A future read will be the Journal of New Librarianship a brand new, open source journal to promote innovative practices in librarianship. They’re seeking submissions, editors, and reviewers. I know I’m planning on contributing in the future. How about you?
Benchmarking with SciVal in Scholarly Communication and Research Services is a great article by my friend and colleague, Rebecca Reznik-Zellen, Lamar Soutter Library, UMass Medical School. Bibliographic metrics have long been used to measure academic reach and impact, and many tools are coming online to improve and expand this method. SciVal, from Elsevier, is but one of them. Whether you have access to it or not, Rebecca’s piece gives a nice overview of how offering research impact, i.e. the measurement of it, as a scholarly communications and/or research service is right in line with the mission of any academic research library.
Do you wonder how people make those short animated GIFs that appear all over social media today? GifSoup is one way. Here’s a quick tutorial.
Here’s a quick and easy way to clear up some memory in your iPhone, iPod, or iPad. And learn from my mistake – choose a single movie, NOT a bundle. I did the latter and am now stuck with the Lord of the Rings movie trilogy. Ugh! I’ll never watch them.
I missed attending MLA in Toronto this month, but followed along with all of the tweeters using the #mlanet2016 hashtag. Thank you so much to those who kept us stray folk in the know. One of the best sessions I followed was an early morning one devoted to new text mining tools. So far, I’ve had the chance to play with Voyant Tools. It’s simple to use, easy to understand, and is a wonderful addition to the toolkit.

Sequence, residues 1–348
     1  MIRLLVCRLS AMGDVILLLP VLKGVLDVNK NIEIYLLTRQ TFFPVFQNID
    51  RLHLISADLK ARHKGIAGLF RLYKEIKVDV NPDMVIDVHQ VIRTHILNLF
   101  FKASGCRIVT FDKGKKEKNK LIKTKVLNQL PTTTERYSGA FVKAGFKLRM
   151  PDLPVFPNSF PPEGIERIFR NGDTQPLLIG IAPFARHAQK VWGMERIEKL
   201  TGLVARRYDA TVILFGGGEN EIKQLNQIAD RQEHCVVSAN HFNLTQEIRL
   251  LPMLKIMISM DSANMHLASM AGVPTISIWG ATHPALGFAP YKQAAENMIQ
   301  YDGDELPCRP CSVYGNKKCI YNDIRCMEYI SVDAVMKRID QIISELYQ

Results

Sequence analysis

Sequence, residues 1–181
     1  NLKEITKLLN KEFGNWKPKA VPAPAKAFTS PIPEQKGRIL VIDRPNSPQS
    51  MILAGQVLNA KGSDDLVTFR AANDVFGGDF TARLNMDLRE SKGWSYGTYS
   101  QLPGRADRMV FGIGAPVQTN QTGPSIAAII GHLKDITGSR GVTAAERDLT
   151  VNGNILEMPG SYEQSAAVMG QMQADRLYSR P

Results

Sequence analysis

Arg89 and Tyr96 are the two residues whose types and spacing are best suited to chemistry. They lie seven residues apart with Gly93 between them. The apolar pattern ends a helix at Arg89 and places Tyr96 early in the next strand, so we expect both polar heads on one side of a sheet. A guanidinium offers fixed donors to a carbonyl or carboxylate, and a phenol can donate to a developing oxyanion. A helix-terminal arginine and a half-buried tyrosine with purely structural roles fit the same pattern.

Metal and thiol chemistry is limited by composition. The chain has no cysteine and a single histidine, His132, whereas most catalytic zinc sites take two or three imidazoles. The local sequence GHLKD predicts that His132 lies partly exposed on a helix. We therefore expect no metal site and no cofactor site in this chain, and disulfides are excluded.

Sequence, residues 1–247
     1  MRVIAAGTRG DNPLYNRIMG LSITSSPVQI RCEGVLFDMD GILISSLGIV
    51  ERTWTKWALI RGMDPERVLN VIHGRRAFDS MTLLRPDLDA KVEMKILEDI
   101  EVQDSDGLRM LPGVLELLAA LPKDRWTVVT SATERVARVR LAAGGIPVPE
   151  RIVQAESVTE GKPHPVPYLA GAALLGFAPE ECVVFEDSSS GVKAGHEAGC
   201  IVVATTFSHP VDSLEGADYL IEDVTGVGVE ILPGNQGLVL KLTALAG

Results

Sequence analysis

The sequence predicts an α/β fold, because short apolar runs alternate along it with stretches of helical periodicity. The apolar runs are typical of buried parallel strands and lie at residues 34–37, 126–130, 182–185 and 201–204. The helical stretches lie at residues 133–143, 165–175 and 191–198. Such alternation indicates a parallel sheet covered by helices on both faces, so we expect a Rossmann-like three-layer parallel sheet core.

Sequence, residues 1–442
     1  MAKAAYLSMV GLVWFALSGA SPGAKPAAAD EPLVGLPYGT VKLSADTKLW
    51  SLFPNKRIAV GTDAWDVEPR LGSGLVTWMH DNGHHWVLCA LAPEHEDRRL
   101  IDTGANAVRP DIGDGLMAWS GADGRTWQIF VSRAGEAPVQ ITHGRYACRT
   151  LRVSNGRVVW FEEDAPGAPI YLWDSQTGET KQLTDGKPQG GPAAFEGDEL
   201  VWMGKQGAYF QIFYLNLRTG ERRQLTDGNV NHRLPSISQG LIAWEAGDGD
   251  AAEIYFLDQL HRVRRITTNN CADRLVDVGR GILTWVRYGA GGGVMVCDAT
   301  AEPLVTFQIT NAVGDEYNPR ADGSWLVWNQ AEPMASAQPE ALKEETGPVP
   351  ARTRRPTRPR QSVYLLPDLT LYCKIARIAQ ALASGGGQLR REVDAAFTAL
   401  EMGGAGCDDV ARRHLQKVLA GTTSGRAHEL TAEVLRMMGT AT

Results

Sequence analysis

Virtual Knick Knacks
Finally, a few things just for fun:
- Good Night, Sweet Prince – Another musical and artistic genius left us recently. This isn’t necessarily a “fun” piece, but it’s a beautiful article by Dave Ziren for The Nation. For those of us my age, Prince was our David Bowie. His music lives on, though his fans will miss him forever.
- Last month, the Smithsonian online magazine published some hidden gems by the reclusive, Harper Lee. Great stuff!
- Mother Goose Seeks Out Police to Rescue Baby. Who doesn’t love these stories in spring? And do note how it was the female police officer who took direct action. The male officer was too scared. Maternal instincts taking over? I think so.
- Hilda Bastian is a scientist and editor at the National Center for Biotechnology Information (NCBI) of the National Institutes of Health. She also draws cartoons about science. The National Library of Medicine produced a nice interview with her here.
- If you happen to be a person who recalls with fondness those Saturday evenings watching slide shows and home movies, you might really enjoy the Home Movie Registry. Yes. It exists. Thank you interwebs.
That’s all for today and, sadly, all I shared for the month of May. I’m sorry I didn’t write more. I’ll try and do better in June.